Citrus College CAPE Owls Selected for 2014 Shell Eco-marathon Challenge

The team, a mix of automotive technology and physics students, includes, from left, Enrico Gutierrez, Patricia Barroso, Kyle Beers and Susan Vong; top row, from left, Alex Leu, Alexus Fraire and Alec Nystrom.
The team, a mix of automotive technology and physics students, includes, from left, Enrico Gutierrez, Patricia Barroso, Kyle Beers and Susan Vong; top row, from left, Alex Leu, Alexus Fraire and Alec Nystrom.

The Citrus College CAPE Owls will be one of 125 student teams from across North, Central and South America competing at the eighth annual Shell Eco-marathon Competition to determine whose student-built vehicle can travel the farthest distance using the least amount of energy.

The Citrus Automotive and Physics Eco-marathon (CAPE) Owls – an interdisciplinary research group composed of seven physics and automotive technology students – was selected to compete in the global event taking place April 24-27 at the Discovery Green Park in Houston.

There, students will showcase the ultra energy-efficient vehicle they have designed, built and tested, and then drive it in an effort to prove that it is capable of meeting the growing demands of fuel-efficient transportation.

“Our talented CAPE Owl students are accomplishing very impressive feats that are providing them with invaluable hands-on learning experiences,” said Superintendent/President Geraldine M. Perri, Ph.D.  “They have the ability to use this global platform to inspire creativity and enact change.”

The Shell Eco-marathon, one of the world’s most difficult student innovation competitions, takes place annually in Europe, Asia and the Americas. The latter includes 125 teams and thousands of high school and college students from North, Central and South American countries.

This is the first time the CAPE Owls are participating.

“Each team is challenged to use their knowledge of science, engineering and technology to discover new techniques and create energy-efficient futuristic cars,” said the group’s co-adviser and physics instructor Lucia Riderer. “To be part of such a major educational project is an outstanding opportunity for our students to work together and shape the future of energy through innovation.”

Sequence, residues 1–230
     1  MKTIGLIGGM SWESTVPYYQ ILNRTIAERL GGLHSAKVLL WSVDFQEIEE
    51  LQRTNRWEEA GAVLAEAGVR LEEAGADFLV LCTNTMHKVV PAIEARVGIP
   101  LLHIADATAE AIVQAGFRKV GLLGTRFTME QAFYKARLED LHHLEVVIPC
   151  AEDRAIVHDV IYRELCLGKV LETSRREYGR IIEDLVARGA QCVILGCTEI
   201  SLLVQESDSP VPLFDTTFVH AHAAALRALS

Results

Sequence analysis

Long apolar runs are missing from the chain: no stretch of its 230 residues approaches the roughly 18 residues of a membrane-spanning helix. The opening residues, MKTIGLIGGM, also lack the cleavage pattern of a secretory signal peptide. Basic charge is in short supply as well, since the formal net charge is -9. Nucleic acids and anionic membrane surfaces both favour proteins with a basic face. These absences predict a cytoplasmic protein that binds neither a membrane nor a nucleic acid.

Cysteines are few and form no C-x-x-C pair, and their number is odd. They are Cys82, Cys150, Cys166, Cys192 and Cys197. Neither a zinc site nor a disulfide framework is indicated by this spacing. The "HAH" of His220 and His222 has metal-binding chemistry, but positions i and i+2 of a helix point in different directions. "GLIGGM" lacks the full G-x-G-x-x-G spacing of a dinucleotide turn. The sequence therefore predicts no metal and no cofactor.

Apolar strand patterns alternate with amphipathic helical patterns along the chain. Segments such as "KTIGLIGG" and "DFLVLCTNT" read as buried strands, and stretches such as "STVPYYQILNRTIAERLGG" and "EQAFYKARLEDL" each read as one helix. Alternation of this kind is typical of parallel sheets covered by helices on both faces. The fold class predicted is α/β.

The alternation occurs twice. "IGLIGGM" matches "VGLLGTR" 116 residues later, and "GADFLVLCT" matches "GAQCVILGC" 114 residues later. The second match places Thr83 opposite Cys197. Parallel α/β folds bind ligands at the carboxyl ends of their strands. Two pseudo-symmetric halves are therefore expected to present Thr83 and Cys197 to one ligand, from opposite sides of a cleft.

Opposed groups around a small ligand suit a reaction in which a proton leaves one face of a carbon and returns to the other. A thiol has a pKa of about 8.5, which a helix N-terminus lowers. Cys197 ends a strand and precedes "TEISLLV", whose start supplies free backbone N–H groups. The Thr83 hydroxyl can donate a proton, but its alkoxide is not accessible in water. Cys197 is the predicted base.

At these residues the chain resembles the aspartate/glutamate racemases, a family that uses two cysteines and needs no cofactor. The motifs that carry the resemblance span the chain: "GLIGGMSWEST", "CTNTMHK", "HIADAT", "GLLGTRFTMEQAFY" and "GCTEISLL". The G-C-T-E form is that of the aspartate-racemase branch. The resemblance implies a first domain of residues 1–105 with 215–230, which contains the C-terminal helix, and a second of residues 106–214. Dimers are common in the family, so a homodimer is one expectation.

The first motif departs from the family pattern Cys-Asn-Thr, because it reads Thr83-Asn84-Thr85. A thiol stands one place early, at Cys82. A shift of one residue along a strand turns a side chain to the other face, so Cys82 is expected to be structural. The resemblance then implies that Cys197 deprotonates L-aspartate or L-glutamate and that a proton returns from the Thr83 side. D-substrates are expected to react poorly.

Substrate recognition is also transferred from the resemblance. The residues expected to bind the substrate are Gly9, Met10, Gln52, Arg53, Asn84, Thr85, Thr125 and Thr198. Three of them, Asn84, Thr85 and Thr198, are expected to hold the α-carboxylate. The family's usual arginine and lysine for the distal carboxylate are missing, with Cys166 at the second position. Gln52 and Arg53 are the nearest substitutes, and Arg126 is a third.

The CAPE Owls consist of seven skilled students with a variety of educational backgrounds. They are Patricia Barroso, of Pomona; Kyle Beers, of Azusa; Alexus Fraire, of Covina; Enrico Gutierrez, of Azusa; Alex Leu, of Alhambra; Alec Nystrom, of West Covina; and Susan Vong, of West Covina.

They are currently putting the finishing touches on their futuristic prototype vehicle named Citrus EV8 using a heavily modified scooter engine to maximize fuel efficiency, and are working hard to make sure their vehicle breaks last year’s winning record of 3,587 miles per gallon.

“This competition enables our students to turn their vision of sustainable mobility into reality using the concepts, knowledge and techniques they’ve explored while at Citrus College,” said Mario Rubio, co-adviser and auto technology instructor. “I’m proud of what they’ve been able to accomplish so far and look forward to cheering them on.”

Student cars will run on energy sources ranging from diesel and biofuels, to solar and electricity, offering up a variety of solutions and approaches to sustainable mobility and fuel efficiency.

Over several days, teams will make as many attempts as possible to travel the farthest on the equivalent of one gallon of fuel. Cars will drive a fixed number of laps around the circuit at a set speed. Organizers will then calculate their energy efficiency and name a winner in each class and for each energy source. Off-track awards are given for other achievements including safety, teamwork, design and technical innovation.

“I am so proud of our CAPE Owl students,” said Dr. Patricia Rasmussen, president of the Citrus Community College District Board of Trustees. “To be selected to participate in this international competition is quite an honor.”

The CAPE Owls are one of the three teams that comprise the college’s Research in Science and Engineering (RISE) program of 22 students created last spring. The RISE team also includes the Rocket Owls and Space Owls, which work independently on a STEM-based research project and compete in intercollegiate national and international competitions, as well as conduct monthly outreach activities to local K-8 schools. 


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